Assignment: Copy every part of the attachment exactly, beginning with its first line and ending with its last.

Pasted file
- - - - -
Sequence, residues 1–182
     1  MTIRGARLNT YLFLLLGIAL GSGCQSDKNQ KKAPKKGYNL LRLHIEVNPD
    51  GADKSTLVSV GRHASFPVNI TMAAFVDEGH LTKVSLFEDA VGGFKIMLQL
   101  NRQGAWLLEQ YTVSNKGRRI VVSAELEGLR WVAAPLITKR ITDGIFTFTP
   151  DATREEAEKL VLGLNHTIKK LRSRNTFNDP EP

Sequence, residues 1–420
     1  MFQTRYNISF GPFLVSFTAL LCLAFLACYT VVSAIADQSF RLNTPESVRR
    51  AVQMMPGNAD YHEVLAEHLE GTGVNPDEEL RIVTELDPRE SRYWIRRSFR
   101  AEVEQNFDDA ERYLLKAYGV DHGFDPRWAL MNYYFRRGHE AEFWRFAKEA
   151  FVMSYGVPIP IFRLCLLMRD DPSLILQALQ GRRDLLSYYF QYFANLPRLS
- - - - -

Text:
Sequence, residues 1–182
     1  MTIRGARLNT YLFLLLGIAL GSGCQSDKNQ KKAPKKGYNL LRLHIEVNPD
    51  GADKSTLVSV GRHASFPVNI TMAAFVDEGH LTKVSLFEDA VGGFKIMLQL
   101  NRQGAWLLEQ YTVSNKGRRI VVSAELEGLR WVAAPLITKR ITDGIFTFTP
   151  DATREEAEKL VLGLNHTIKK LRSRNTFNDP EP

Sequence, residues 1–420
     1  MFQTRYNISF GPFLVSFTAL LCLAFLACYT VVSAIADQSF RLNTPESVRR
    51  AVQMMPGNAD YHEVLAEHLE GTGVNPDEEL RIVTELDPRE SRYWIRRSFR
   101  AEVEQNFDDA ERYLLKAYGV DHGFDPRWAL MNYYFRRGHE AEFWRFAKEA
   151  FVMSYGVPIP IFRLCLLMRD DPSLILQALQ GRRDLLSYYF QYFANLPRLS